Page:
NEW YORK — The domes and arched ceilings — each arrayed with tiles in herringbone and basket-weave patterns — are hidden in plain sight. Millions of people walk under them every day at the Oyster Bar at Grand Central Terminal, New York’s St. John the Divine, the Boston Public Library, the San Diego Museum of Man and hundreds of other places.
But Rafael Guastavino and his son Rafael Jr., the makers of these sweeping tiled vaults that provide both decoration and structure, have mostly been forgotten, in part because credit went to the architects who commissioned them.
A new exhibition at the Museum of the City of New York tells the story of the master masons who, between the late 1800s and the time their company closed in 1962, created vaults, domes and other tile work in 1,000 buildings in 42 states.
“Palaces for the People: Guastavino and the Art of Structural Tile” focuses on their 250 commissions in New York — the most of any other city where their work is found.
The Guastavinos arrived in New York from Barcelona in the late 19th century and patented a thin-tile vaulting technique based on a 500-year-old Spanish building method that was lightweight, extremely strong, self-supporting and fireproof. Fires were a great concern in the late 19th century as many buildings were made of wood.
Their method of interlocking and layering thin clay tiles with quick-drying mortar in decorative patterns revolutionized architectural design. It created grand palatial interiors, such as the delightful Elephant Room at the Bronx Zoo and New York’s City Hall subway station, an ornate subterranean cathedral of glazed green, ivory and brown tiles now shuttered and only viewable through the window of a passing train.
Instead of using heavy stone, they used a particularly thin ceramic tile that is similar to brick that can be glazed in different colors, said John Ochsendorf, the exhibition’s co-curator and a professor of architecture at MIT and author of “Guastavino Vaulting: The Art of Structural Tile.”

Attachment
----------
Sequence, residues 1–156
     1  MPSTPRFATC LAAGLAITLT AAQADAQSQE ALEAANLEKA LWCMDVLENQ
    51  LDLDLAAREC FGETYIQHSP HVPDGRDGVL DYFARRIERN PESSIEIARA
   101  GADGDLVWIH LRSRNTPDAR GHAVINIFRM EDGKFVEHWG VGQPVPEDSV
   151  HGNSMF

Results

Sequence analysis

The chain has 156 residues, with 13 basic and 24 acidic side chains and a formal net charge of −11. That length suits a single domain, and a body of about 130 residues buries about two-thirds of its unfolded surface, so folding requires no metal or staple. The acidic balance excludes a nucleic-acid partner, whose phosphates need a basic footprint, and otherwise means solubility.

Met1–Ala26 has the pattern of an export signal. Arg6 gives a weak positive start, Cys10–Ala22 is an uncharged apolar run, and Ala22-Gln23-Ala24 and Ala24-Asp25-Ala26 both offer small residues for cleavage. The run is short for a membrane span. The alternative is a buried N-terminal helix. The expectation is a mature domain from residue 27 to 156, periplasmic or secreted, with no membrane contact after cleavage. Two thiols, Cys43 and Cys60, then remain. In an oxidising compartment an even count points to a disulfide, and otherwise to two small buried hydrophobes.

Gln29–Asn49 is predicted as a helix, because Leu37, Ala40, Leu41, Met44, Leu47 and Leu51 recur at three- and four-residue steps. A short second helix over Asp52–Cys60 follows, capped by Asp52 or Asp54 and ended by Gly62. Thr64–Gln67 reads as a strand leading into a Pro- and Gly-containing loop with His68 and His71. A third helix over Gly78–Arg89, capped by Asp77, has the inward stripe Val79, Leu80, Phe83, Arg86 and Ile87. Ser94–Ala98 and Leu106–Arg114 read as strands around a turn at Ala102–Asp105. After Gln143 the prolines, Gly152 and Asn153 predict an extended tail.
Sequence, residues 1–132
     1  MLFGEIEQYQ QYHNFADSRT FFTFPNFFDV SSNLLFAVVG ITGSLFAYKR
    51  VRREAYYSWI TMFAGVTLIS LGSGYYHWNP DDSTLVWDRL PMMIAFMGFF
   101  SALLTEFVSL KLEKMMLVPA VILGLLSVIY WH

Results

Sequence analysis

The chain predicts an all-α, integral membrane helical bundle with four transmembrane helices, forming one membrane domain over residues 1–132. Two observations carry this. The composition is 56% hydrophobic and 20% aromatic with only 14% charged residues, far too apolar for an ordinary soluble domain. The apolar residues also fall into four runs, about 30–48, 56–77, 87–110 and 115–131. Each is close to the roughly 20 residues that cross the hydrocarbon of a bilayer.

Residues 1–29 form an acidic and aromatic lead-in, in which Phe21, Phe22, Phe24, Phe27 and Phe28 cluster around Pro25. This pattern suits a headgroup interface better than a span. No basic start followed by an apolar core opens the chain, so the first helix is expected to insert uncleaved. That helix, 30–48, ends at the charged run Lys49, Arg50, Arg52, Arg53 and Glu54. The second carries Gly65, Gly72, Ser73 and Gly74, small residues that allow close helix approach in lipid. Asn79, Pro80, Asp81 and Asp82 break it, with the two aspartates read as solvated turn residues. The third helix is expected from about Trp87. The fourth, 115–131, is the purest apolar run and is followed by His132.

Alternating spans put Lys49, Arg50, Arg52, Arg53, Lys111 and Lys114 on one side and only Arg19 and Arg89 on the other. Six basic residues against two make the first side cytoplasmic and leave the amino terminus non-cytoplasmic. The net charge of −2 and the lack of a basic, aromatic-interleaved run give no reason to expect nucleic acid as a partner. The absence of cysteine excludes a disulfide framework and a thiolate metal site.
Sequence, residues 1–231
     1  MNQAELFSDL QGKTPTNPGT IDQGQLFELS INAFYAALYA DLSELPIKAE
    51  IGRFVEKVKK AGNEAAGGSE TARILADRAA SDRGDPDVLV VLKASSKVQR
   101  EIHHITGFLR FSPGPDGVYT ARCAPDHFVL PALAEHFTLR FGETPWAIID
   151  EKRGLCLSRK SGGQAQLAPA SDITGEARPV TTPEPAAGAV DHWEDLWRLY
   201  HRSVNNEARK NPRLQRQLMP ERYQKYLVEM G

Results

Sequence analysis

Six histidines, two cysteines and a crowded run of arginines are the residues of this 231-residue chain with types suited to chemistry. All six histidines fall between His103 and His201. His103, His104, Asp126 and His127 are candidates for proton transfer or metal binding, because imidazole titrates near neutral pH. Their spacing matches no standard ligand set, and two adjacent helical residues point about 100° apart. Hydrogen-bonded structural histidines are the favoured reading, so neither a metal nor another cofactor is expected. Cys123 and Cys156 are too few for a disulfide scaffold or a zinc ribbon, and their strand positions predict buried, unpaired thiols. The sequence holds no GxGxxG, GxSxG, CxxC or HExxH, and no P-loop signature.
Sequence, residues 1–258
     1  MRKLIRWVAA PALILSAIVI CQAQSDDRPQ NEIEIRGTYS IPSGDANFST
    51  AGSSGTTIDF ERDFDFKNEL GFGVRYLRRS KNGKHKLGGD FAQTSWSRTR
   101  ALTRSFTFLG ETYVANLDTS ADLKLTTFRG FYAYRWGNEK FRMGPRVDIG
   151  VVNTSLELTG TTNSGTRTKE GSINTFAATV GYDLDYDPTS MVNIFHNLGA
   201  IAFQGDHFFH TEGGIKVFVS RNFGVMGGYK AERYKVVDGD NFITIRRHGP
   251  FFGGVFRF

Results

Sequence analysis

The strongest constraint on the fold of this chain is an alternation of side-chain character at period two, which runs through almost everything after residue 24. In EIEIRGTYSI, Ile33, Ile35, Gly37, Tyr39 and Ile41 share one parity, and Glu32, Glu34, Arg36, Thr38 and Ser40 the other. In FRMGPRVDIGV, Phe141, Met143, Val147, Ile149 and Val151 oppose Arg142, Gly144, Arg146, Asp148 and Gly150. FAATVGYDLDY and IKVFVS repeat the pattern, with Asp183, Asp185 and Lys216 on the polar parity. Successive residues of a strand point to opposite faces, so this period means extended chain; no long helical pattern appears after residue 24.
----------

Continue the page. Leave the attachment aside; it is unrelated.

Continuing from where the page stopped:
“I think of them as Gothic master masons in the great Gothic tradition where it took a century to build a cathedral,” except they worked on 100 buildings simultaneously since the light tiles allowed them to work at a quick pace, Ochsendorf said.
“At the simplest level they’re builders. But they’re also acting as architects, as engineers and interior decorators choosing patterns of tiles, color and schemes,” added Ochsendorf. “The vault is ... their great contribution to American architecture. It is a fusion of art and technology that engineers still struggle to understand.”
A replica in the show built by some of Ochsendorf’s students “is our best guess at how they would have built a vault like this.”
Kevin Faerkin, general manager of the famous Oyster Bar, called it “an inspiring, an incredible environment to work in.” He said the first thing a lot of customers say even before they sit down “is how great the space is. ... They are struck by the grandeur of the ceiling.”
The Guastavinos’ big break — the one that launched their careers and allowed them to start their own company — came in 1889 when the architectural firm McKim, Mead and White hired them to build a set of vaults above the main entrance of Boston Public Library.
Today, 600 Guastavino-adorned buildings in 36 states still stand, magnificent structures such as the Ellis Island Registry Hall, the Boathouse in Brooklyn’s Prospect Park, Riverside Church and the Washington National Cathedral in D.C.
Ochsendorf is convinced there are other Guastavino projects waiting to be discovered. To that end, the museum has created a crowdsourcing site — palacesforthepeople.com — to help uncover them.